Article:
• We have many labor unions standing with us.  This unprecedented lockout is not only an assault on education but also an attack on organized labor, and we are receiving tremendous support from our parent organizations, the AFT and NYSUT. The UFT is giving resources and sent delegations to our campus as did the vocal and mighty PSC CUNY. Our sister unions on campus–the International Union of Operating Engineers, Local 30; OPEIU Local 153; Service Employees International Union (SEIU) CTW, Local 32BJ; and United Brotherhood of Carpenters and Joiners, Local 926 and Local 45—marched with us and sent letters of support.  At the annual Labor Day Parade on September 10, LIUFF was given pride of place and marched right behind Mayor DeBlasio and other elected officials.
  • We held a rally featuring speakers like Public Advocate Letitia James, AFT President Randi Weingarten, and NYSUT President Karen McGee. We heard from students about the chaos on campus (despite what the administration says to the press about an “overwhelmingly positive response” from students) and watched as the students marched in solidarity with the LIUFF.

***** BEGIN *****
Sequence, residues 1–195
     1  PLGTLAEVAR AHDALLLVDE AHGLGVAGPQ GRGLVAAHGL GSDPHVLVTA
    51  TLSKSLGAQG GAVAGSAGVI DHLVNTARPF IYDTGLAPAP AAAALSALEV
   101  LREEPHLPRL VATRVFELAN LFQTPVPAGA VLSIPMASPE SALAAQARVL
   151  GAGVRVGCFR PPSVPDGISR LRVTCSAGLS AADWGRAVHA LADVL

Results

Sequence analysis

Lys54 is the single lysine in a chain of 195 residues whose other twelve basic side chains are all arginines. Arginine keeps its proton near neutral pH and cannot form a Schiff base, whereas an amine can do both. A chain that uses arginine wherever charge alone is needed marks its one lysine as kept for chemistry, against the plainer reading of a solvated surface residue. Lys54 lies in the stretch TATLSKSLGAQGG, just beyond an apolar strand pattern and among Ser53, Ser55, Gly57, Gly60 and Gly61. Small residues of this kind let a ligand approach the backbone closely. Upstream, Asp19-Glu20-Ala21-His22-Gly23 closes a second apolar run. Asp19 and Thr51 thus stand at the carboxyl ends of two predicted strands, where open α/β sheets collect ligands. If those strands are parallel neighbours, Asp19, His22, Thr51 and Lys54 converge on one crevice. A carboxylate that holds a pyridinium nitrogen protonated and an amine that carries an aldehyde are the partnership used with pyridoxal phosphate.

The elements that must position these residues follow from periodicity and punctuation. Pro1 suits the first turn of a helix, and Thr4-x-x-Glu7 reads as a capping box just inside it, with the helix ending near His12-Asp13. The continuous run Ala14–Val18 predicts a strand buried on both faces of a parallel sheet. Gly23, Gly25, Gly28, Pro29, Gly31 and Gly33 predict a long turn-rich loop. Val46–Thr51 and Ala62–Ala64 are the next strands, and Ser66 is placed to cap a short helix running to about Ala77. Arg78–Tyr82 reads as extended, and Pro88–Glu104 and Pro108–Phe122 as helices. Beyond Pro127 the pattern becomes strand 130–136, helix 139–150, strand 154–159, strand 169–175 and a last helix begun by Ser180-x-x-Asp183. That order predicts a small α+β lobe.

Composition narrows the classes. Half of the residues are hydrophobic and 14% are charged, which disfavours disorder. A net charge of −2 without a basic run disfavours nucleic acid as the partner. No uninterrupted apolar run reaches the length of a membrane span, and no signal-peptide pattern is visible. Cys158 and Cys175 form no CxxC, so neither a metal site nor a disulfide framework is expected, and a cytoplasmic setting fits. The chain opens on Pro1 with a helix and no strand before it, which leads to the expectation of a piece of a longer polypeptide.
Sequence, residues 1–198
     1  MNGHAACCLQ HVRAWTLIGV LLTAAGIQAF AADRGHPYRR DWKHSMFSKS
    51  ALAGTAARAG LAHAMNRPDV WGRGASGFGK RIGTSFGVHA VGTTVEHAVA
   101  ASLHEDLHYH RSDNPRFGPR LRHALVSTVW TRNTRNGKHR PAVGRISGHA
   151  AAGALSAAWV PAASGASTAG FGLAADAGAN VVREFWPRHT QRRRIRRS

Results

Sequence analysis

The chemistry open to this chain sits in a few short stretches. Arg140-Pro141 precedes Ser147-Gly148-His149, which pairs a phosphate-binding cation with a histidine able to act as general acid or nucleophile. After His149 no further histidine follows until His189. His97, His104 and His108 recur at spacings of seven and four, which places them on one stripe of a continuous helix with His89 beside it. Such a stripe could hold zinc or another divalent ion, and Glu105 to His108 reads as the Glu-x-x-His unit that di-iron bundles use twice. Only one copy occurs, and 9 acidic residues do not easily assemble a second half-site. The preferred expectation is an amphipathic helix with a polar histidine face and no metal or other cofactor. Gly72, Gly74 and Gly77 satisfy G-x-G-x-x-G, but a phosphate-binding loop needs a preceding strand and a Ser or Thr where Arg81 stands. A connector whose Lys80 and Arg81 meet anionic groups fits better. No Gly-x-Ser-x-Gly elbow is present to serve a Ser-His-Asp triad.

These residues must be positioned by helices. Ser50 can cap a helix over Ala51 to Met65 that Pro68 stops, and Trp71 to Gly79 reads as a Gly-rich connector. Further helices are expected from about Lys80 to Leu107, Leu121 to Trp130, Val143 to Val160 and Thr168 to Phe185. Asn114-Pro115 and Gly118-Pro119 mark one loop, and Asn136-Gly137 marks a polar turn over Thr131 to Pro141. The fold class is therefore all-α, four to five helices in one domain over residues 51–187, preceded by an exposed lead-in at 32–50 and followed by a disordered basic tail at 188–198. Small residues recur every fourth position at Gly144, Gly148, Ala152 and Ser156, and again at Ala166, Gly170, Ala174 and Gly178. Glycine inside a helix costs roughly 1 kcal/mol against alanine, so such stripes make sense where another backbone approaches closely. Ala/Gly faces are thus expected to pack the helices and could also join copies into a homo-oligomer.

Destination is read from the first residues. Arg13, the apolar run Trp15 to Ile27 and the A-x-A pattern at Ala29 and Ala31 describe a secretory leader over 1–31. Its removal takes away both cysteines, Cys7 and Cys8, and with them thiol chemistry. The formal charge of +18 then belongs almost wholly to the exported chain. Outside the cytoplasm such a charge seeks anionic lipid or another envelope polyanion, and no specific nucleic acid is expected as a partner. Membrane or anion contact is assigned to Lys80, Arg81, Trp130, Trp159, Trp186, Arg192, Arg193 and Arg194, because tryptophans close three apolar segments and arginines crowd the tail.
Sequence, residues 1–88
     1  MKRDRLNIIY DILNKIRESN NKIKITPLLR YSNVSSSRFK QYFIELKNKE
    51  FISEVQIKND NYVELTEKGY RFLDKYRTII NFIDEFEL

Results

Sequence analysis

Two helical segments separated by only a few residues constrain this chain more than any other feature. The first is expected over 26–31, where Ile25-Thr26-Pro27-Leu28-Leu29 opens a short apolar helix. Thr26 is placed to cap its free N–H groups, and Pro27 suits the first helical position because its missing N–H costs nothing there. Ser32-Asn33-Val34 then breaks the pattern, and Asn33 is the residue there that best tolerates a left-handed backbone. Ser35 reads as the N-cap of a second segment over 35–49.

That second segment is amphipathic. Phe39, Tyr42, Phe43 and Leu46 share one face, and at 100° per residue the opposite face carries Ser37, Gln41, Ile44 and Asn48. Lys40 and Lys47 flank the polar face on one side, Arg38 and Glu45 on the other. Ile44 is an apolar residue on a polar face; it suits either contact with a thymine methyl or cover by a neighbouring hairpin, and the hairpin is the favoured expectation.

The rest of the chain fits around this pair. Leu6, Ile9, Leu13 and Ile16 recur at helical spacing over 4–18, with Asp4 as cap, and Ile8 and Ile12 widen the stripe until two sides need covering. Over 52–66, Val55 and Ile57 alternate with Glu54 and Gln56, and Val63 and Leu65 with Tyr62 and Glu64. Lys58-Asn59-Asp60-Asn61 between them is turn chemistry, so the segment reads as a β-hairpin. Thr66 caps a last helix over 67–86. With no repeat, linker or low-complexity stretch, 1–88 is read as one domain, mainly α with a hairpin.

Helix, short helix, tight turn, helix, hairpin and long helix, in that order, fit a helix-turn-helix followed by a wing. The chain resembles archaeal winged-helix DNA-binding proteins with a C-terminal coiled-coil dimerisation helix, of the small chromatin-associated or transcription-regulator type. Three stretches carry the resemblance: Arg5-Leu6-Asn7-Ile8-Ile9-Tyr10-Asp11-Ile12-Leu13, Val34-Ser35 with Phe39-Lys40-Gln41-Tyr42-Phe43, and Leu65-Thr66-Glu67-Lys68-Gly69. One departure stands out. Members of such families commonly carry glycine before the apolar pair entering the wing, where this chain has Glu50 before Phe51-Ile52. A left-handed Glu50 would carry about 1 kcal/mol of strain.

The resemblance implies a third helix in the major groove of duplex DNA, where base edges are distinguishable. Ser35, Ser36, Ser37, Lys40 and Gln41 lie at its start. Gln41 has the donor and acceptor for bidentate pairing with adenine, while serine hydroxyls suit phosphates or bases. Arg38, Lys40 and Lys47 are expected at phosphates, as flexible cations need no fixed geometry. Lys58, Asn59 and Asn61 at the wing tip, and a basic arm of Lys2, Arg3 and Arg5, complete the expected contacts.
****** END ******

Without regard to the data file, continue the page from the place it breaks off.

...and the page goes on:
• We learned that as a result of the chaos: the School of Nursing has cancelled practicum classes until further notice; lab classes in Biology, Physics, and Chemistry have been cancelled all next week pending a resolution to the lockout, and students are reporting that many classes have no instructors at all.
  • We sent letters to accrediting agencies, cosigned by AFT, alerting them to our situation.  Our attorney has also filed a NLRB charge for unfair labor practices stemming from the way the lockout was handled, a charge that, if upheld, would require the university to pay back wages and expenses.

We have also heard many stories about the financial hardship this lockout is causing our members.  In response, the AFT has set up a solidarity fund where people can donate to help our members with pressing financial concerns. They have already begun to raise money and more information on how to apply for funds will be forthcoming in the next few days.  In addition, NYSUT can give legal advice to faculty and students.